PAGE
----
[cfe-dev] [analyzer] Regression testing for the static analyzer

Gábor Horváth via cfe-dev cfe-dev at lists.llvm.org
Thu Jun 11 08:51:13 PDT 2020


I'm glad that someone picked this up. Making it easier to test the analyzer
on real-world topics is an important task that can ultimately make it much
easier to contribute to the analyzer.
See some of my comments inline.

On Thu, 11 Jun 2020 at 16:23, Valeriy Savchenko via cfe-dev <
cfe-dev at lists.llvm.org> wrote:

> Person has to find at least a couple of projects, build them natively, and
> check
> with the analyzer. ... It should be dead simple, maybe as simple as running
> `lit` tests.

While I think this is a great idea we also should not forget that the
tested projects should exercise the right parts of the analyzer. For
instance, a patch adding exception support should be tested on projects
that are using exceptions extensively. Having a static set of projects will
not solve this problem. Nevertheless, this is something that is far less
important to solve. First, we need something that is very close to what you

> Another point that of interest, is reproducibility.

Huge +1. Actually, I'd be even glad to see more extremes like running the
analyzer multiple times making sure that the number of exploded graphs and
other statistics are stable to avoid introducing non-deterministic

> Short summary of what is there:
>   * Info on 15 open-source projects to analyze, most of which are pretty
> small
>   * Dockerfile with fixed versions of dependencies for these projects

Dependencies are the bane of C++ at the moment. I'd love to see some other
solutions for this problem. Some of them coming to my mind:
* Piggy backing on the source repositories of linux distributions. We could
easily install all the build dependencies using the package manager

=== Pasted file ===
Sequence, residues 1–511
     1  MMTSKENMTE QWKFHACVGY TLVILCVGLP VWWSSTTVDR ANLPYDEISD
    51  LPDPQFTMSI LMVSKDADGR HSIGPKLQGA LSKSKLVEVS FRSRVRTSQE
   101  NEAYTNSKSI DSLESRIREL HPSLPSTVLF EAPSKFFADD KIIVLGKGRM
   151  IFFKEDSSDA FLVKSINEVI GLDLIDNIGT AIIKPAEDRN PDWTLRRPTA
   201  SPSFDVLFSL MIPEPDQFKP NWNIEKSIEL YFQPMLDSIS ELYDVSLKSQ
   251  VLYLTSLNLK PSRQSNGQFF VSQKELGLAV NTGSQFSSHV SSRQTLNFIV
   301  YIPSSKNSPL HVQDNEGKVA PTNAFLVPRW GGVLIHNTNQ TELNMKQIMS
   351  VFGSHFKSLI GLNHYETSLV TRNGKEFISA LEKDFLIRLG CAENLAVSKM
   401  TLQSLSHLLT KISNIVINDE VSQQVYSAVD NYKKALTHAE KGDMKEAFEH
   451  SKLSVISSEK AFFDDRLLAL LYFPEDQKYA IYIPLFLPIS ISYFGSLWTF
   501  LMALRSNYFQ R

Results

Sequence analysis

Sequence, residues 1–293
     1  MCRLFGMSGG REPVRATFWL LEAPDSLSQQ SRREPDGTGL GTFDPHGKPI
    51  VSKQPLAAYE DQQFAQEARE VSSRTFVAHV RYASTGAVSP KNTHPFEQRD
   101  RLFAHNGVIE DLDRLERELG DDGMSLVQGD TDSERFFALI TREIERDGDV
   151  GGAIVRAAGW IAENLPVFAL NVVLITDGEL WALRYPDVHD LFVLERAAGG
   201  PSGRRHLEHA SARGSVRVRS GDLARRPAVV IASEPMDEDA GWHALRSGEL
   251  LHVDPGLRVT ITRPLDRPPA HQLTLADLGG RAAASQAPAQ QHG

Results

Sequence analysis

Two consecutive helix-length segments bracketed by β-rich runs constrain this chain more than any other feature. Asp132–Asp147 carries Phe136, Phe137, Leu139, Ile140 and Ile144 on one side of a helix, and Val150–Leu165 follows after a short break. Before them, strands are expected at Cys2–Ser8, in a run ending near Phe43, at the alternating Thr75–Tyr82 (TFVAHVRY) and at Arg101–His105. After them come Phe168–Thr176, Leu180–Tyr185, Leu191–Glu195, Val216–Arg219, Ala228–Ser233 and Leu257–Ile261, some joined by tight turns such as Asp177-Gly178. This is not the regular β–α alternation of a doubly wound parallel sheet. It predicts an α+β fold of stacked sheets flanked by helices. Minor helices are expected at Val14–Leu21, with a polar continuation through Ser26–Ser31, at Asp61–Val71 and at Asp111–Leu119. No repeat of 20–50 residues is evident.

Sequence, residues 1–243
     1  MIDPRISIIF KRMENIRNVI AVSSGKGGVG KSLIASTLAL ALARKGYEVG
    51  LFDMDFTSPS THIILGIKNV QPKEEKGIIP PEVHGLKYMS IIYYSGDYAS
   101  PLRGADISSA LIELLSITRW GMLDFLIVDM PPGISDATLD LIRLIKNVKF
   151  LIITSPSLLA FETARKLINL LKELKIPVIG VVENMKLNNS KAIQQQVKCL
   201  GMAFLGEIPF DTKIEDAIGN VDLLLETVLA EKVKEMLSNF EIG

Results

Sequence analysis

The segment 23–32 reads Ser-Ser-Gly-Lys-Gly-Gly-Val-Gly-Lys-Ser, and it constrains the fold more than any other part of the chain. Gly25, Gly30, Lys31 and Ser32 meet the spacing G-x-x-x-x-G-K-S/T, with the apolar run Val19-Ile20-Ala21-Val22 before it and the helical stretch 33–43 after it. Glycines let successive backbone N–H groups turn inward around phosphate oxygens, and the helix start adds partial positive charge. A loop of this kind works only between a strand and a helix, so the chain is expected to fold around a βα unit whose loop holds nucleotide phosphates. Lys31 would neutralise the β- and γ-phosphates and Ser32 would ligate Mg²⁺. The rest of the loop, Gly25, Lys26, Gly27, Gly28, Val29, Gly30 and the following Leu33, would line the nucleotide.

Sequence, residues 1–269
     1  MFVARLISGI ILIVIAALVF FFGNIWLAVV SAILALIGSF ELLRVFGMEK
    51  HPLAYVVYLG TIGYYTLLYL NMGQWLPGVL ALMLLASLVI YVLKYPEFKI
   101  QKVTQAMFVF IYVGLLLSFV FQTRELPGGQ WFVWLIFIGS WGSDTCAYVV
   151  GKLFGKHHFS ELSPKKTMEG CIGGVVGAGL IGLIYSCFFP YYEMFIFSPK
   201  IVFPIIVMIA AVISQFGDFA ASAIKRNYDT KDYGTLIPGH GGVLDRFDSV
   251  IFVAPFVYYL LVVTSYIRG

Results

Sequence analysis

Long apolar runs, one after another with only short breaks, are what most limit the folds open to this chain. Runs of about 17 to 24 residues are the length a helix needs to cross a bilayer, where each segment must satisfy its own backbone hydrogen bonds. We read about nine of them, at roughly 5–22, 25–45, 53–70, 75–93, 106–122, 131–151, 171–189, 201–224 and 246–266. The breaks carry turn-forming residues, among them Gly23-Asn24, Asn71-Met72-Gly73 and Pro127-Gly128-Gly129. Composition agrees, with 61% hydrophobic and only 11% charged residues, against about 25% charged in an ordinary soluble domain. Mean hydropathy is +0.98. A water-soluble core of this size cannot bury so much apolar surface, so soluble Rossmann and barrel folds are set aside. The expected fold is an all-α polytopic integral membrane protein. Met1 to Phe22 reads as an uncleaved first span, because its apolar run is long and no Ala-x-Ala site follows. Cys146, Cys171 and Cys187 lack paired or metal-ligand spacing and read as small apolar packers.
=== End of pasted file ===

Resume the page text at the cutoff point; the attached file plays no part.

automatically. The user would only need to specify the name of the source
package, the rest could be automated without having to manually search for
the names of the dependent packages.
* Supporting C++ package managers. There is Conan, vcpkg and some CMake
based. We could use a base docker image that already has these installed.

> The system has two dependencies: python (2 or 3) and docker.

How long do we want to retain Python 2 compatibility? I'm all in favor of
not supporting it for long (or at all).

> (I am not a `csa-testbench` user, so please correct me if I'm wrong here)

Your assessment is 100% correct here. We always wanted to add docker
support and support for rebuilding source deb packages to solve most of the
issues you mentioned.

>   * I want it to cover all basic needs of the developer:
>       - analyze a bunch of projects and show results
>       - compare two given revisions
>       - benchmark and compare performance

I think one very important feature is to collect/compare not only the
analysis results but more fine-grained information like the statistics
emitted by the analyzer (number of refuted reports in case of refutation,
number of exploded nodes, and so on).
It would be nice to be able to retrieve anything crash-related like call
stacks and have an easy way to ssh into the docker image to debug the crash
within the image.
Also, the csa-testbench has a feature to define regular expressions and
collect the matching lines of the analyzer output. This can be useful to
count/collect log messages.

>   * I want all commands to be as simple as possible, e.g.:

While I see the value of having a minimal interface I wonder if it will be
a bit limiting to the power users in the end (see extracting statistics and
logs based on regexp).,

>   * Would you use a system like this?

In the case, it supports my needs, definitely. As you mentioned, there are
multiple contenders here: csa-testbench and SATest. I do see why the
testbench is not desirable (mainly because of the dependencies), but I
wonder if it would make sense to have compatible configurations. I.e. one
could copy and paste a project from one to the other have it working
without any additional efforts.

>   * Does the proposed solution seem reasonable in this situation?

Looks good to me.

>   * What do you think about the directions?


>   * What other features do you want to see in the system?

See my other inlines above.

>   * What are the priorities for the project and what is the minimal feature
>     scope to start using it?

If we can run it reliably on big projects I'd say have a built bot as soon
as possible (that only triggers when crashes are introduced). I think it
could have prevented many errors.

> Thank you for taking your time and reading through this!
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> cfe-dev at lists.llvm.org
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